Peter White is the 2018 recipient of the Entomological Society of America (ESA) North Central Branch Distinguished Achievement Award in Teaching. White has a dual appointment in the Department of Entomology and Lyman Briggs College, which focuses on science, technology, engineering and math (STEM) education. He has used this unique appointment to bring together these two disciplines: illustrating general concepts in his biology course for non-majors through some insect-based examples, and bringing cutting-edge teaching methodologies into his entomology course.
White models his teaching on the three principles of modern pedagogy: an interactive learner-centered environment, a backward design curriculum development process, and student-driven engagement with authentic scientific investigation. These three principles are regarded as best-practice principles, supported by a wide array of empirical studies.
His learner-centered undergraduate teaching uses a “flipped-class” approach. In class, students participate in peer discussions, hands-on activities, problem solving and debate. Outside of class, students watch an instructional video by White and complete the related homework (view one of the videos).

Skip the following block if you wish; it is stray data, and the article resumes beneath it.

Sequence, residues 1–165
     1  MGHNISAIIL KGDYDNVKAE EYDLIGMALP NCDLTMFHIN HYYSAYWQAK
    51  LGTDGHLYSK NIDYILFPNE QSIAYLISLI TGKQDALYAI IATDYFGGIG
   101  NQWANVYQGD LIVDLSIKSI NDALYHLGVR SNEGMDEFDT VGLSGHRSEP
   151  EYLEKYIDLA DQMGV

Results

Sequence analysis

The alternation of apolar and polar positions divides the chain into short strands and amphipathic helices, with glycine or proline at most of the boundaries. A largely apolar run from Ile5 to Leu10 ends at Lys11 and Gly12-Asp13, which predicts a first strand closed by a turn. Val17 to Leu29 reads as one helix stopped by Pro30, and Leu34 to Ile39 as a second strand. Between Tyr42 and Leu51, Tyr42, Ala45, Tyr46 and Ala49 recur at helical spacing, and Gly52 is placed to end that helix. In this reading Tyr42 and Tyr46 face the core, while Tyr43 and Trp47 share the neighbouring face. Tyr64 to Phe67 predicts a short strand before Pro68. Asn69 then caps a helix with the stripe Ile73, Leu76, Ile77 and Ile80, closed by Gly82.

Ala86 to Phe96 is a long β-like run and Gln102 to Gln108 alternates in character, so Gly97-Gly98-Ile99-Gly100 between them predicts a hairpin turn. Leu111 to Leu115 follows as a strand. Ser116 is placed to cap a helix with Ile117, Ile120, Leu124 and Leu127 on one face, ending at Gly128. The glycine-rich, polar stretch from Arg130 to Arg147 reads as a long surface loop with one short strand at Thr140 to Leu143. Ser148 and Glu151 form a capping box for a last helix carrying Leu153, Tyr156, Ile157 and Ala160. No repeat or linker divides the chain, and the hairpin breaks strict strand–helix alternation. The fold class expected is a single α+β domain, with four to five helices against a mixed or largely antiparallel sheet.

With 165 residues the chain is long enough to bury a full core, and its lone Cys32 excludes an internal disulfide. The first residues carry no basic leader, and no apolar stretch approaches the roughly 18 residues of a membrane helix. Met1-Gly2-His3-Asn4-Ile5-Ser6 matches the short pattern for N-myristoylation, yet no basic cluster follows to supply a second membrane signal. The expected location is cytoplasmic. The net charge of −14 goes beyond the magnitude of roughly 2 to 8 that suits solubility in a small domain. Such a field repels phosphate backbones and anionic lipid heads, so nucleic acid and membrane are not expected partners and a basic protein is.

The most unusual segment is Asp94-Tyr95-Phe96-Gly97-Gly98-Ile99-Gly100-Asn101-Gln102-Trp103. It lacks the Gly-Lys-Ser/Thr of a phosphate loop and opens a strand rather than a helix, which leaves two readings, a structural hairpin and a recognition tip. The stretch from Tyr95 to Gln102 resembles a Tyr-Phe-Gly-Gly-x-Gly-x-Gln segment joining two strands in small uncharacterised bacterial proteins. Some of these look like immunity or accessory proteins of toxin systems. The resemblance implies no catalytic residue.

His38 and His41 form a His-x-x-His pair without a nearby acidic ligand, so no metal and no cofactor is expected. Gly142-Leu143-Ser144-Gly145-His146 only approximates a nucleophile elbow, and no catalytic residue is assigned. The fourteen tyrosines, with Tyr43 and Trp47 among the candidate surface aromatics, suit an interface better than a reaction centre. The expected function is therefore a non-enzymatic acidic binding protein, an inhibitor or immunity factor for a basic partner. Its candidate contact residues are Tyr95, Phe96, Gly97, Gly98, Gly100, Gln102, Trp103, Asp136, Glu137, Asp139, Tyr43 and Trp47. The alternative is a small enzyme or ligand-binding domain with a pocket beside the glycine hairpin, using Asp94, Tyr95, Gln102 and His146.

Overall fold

The backward design means he develops a set of learning outcomes that drive the interactive interventions of his flipped classroom. His assessments for determining student learning are based on the intended outcomes. His goal is to turn the classroom and lab-room into dynamic learning spaces where students learn how to think like biologists rather than simply assimilate information about biology. Students generate hypotheses, apply knowledge and investigate scientific questions.
White encourages the students to engage in the scientific process of discovery and hypothesis testing when they conduct lab work. He presents a general theme at the beginning of each semester and encourages them to work in teams to pose scientific questions around this theme for exploring throughout the semester.
Similarly, in graduate-level teaching, White’s course on insect genetics requires students to design and execute their own research projects. Entomology graduate students tend to come from a broad background so White’s course helps students with an ecology or macro-biology background become proficient and familiar with standard and modern genetic techniques, from PCR and primer design, to NextGen sequencing. The students isolate DNA from an insect species of their choosing. They then amplify and sequence a gene of interest to them. This lab work is paired with seminar-style classes where each person in the class takes turns presenting relevant papers in the field of insect genetics.
White will be nominated for an ESA national level teaching award this fall.